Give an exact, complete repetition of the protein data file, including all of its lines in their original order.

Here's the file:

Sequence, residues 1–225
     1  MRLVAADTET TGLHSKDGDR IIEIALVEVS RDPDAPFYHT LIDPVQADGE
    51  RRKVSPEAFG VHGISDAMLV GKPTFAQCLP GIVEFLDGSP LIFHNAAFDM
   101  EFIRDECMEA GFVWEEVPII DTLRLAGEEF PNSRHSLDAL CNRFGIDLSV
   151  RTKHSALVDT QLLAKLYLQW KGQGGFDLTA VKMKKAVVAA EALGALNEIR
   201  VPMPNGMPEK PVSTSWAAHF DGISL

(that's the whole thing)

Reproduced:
Sequence, residues 1–225
     1  MRLVAADTET TGLHSKDGDR IIEIALVEVS RDPDAPFYHT LIDPVQADGE
    51  RRKVSPEAFG VHGISDAMLV GKPTFAQCLP GIVEFLDGSP LIFHNAAFDM
   101  EFIRDECMEA GFVWEEVPII DTLRLAGEEF PNSRHSLDAL CNRFGIDLSV
   151  RTKHSALVDT QLLAKLYLQW KGQGGFDLTA VKMKKAVVAA EALGALNEIR
   201  VPMPNGMPEK PVSTSWAAHF DGISL